Why build a family investment office? Because, as one chief investment officer at a large family office told me recently, “bad stuff happens.”

He mentioned that when the head of the family and business founder was thinking about hiring internal investment talent, the founder asked other family leaders he knew why they had hired a CIO.

They all said that having investment expertise inhouse and a portion of the assets in a diversified portfolio separate from the main business helped them when the unexpected struck.

In the last twenty-five years we’ve weathered a slew of financial storms including the 1997 Asian financial crisis, the 1998 Russian collapse, the 2000 Dot-com bubble, the Twin Tower attacks, and the 2007–2008 and February 2020 crashes. Remember those? And for the last two years Covid. And now there’s the appalling Russian assault on Ukraine.

And yet, in every crisis there’s opportunity. In 2020, according to the Credit Suisse 2021 Global Wealth Report, total wealth in North America rose by US 12.4 trillion. And probably more in 2021.

Looking at the ultra-high-net-worth segment, Boston Consulting Group counts 20,600 UHNW individuals in the US with personal wealth over $100 million, totaling about $5.8 trillion in investable assets.

Meanwhile, depending on the source, the number of US family investment offices grew from 3,000 to well over 5,000 during the last decade.

Personally, we have received more family office chief investment officer inquiries in the last two years than we’ve had in the ten prior.


Don’t Lose the Money

Building a legacy is different than preserving it. Founders who are good at wealth-creation usually have little experience with wealth-maintenance, where capital preservation is paramount and diversification is key.

Wealth is created by entrepreneurs, but maintained through diversification, sophisticated risk-management, and prudence. The psychological profile of the former does not easily transform to the latter.

Long-term investing, looking a generation or more ahead, demands a strategic mindset and patience in the face of market volatility. As a profit center, performance and volatility are always a concern.

Focus and Cohesion

A family investment office encourages consensus. If the objective is to preserve the family legacy, there needs to be focus.

In our interviews with family office heads, they all say the key to a productive investment process is to maintain focus in the face of fragmenting assets and multiple agendas. They all mention succession planning. And the internal debate over what to do with the money?

Families expand over time, and outsiders with different views marry into them. Larger, more diverse families can lose their cohesion if they don’t fight to keep it. The first generation wants to own and manage (hands-on), but the next gen may not.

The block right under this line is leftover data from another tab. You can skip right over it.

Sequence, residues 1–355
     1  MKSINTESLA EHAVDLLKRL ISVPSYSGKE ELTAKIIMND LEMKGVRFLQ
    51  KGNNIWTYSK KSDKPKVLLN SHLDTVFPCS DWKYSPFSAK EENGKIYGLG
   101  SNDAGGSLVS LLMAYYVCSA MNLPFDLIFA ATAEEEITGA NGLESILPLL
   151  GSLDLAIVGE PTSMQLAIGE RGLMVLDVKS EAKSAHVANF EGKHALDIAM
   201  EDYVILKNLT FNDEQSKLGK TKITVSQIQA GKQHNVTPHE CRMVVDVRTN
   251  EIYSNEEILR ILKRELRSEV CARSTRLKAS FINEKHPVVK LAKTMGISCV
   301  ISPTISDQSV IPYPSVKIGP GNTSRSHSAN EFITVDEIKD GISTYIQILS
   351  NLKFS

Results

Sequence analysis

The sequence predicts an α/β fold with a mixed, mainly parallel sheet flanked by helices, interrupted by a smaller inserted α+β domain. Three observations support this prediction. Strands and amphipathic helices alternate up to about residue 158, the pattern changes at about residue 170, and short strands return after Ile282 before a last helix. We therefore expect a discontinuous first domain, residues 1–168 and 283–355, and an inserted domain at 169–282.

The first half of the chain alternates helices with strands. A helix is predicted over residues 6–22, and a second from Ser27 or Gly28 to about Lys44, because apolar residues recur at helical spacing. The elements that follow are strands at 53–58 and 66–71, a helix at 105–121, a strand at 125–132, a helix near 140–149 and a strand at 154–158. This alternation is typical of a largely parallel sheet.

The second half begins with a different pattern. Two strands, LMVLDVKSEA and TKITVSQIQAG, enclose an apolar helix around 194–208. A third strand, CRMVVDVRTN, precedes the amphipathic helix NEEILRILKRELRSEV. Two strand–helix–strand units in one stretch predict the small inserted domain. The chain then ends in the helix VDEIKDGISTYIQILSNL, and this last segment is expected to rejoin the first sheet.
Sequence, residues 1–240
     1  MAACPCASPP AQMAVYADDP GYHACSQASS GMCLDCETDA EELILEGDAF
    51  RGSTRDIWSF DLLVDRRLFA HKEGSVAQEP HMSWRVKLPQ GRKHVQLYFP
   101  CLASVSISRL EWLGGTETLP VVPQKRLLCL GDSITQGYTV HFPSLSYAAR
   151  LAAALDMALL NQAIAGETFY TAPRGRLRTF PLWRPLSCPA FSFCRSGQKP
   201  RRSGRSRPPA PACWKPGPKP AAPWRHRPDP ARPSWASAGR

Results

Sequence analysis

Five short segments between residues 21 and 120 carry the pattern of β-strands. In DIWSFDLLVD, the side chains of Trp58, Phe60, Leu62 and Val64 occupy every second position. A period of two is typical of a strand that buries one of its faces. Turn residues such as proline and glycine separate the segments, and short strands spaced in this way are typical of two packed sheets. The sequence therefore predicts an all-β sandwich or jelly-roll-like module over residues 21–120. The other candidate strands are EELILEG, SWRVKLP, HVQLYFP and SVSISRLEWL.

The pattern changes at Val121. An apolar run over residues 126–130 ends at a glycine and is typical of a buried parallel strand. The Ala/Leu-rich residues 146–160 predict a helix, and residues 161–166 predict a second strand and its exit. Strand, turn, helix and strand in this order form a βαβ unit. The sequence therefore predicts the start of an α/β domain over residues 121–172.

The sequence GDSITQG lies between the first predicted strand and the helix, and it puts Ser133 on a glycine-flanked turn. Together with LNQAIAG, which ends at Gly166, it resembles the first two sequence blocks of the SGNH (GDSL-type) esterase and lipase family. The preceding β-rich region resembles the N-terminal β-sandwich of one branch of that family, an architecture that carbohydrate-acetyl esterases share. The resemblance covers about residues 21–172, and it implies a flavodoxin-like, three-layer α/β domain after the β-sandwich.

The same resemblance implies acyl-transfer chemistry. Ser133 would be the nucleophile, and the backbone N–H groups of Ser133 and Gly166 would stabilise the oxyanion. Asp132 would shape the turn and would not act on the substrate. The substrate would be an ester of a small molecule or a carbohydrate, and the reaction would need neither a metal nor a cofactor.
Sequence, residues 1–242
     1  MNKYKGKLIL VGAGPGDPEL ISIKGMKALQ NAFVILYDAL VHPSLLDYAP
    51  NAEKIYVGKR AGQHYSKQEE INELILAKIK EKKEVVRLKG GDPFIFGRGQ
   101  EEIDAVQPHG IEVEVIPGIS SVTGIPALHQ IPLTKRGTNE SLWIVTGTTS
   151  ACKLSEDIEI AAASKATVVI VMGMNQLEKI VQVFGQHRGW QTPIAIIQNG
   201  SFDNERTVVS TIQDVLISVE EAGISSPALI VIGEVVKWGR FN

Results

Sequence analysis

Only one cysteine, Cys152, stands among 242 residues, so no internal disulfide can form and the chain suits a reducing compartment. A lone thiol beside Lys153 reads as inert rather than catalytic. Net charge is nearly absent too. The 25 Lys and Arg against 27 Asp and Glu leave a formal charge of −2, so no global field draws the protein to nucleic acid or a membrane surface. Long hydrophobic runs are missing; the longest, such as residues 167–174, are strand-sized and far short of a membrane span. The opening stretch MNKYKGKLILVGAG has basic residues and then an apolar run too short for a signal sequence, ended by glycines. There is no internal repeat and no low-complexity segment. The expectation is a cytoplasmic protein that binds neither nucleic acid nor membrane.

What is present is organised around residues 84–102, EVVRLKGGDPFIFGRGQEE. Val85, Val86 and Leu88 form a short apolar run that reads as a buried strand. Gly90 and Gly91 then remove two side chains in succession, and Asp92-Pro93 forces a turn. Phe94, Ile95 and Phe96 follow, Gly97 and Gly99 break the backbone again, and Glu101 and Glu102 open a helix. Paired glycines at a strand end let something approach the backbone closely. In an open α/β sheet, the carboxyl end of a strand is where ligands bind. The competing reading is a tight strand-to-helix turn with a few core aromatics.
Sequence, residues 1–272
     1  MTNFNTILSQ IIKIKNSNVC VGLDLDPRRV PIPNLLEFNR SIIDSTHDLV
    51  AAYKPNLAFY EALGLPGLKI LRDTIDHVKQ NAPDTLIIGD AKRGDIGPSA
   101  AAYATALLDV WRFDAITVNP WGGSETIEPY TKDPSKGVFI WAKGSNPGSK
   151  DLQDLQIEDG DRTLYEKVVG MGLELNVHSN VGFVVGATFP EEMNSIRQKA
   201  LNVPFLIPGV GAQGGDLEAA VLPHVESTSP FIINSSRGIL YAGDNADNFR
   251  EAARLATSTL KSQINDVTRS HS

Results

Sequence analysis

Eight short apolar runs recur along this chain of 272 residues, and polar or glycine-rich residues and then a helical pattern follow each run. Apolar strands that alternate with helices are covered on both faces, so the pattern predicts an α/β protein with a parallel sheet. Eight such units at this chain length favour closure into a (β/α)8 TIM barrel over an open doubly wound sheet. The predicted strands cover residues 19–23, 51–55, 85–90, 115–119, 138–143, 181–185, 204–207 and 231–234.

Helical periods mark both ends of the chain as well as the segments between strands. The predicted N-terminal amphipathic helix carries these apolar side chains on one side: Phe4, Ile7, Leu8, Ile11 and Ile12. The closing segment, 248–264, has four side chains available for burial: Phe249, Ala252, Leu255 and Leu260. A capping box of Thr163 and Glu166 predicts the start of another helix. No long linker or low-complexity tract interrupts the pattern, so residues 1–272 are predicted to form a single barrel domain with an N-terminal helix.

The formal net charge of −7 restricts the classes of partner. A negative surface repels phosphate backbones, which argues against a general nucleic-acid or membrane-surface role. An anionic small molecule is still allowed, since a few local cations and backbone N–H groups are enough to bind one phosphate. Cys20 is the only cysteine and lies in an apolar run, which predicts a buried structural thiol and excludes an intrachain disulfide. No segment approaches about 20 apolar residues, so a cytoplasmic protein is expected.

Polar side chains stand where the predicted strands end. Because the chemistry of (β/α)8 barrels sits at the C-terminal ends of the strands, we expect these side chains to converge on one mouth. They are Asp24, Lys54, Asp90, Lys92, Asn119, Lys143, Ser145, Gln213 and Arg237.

As another family office member told me. Prior to hiring a CIO, individual members were making random investments that made no sense. From mushroom and abalone farms to films and ill-conceived startups, there was no consistency or real analysis as to how all these investments fit, no way to maintain focus on core objectives.

“Now, there’s someone in our corner that has our interests at heart.” The investment staff has only one priority and the family has control, with updates available 24/7.

When I sent my draft to the CIO I mentioned above. He said . . .

Thanks Charles. I like the piece. The only thing I might add would be the importance of the Family clearly articulating their goals in establishing an internal investment team. This will help them determine the appropriate skills to hire and the market price they will have to pay. I have seen a number of situations turn sour as a result of this lack of clarity between the internal team and the family.

Given the need for cohesion and focus, family office CIOs should have excellent people skills. There are opaque but vital intra-familial and cultural issues that must be dealt with. They’re all important and inter-related.

What’s It Going to Cost Me?

As Stuart Lucas: wealth manager, educator, and family scion pointed out in our interview a few years ago, “hiring a chief investment officer suggests that the family office is going to be predominantly a profit center, not just a service or administrative office.”

“Building a family investment office means you are prepared to design and manage a profitable business, one that is likely very different from the one that built your wealth in the first place.” And, be prepared to pay for talent.

Since AUM size usually dictates the office cost structure and where and how you invest, it’s better to have the scale and resources that a family with common aims can provide.

Here is one set of cost estimates for a six-person investment team from the CFA Institute.

We think some of these CFA numbers are unrealistic based on our most recent experience recruiting investment talent, particularly for a chief investment officer. So we’ve added our own compensation estimates to the chart and broken out our total comp by base salary and bonus potential.

Estimated Compensation for Six-Person Family Office

CFA Institute 2019 Compensation Study

Skorina 2021 Compensation Estimates

(hit link for Comp table)

Final Thoughts

Most UHNW families do not come from the financial sector so, they shouldn’t be afraid to ask dumb questions about arcane terms that are hard to understand.  Demand plain answers.  And don’t be in a hurry to embrace complex strategies or exotic asset classes you aren’t comfortable with.

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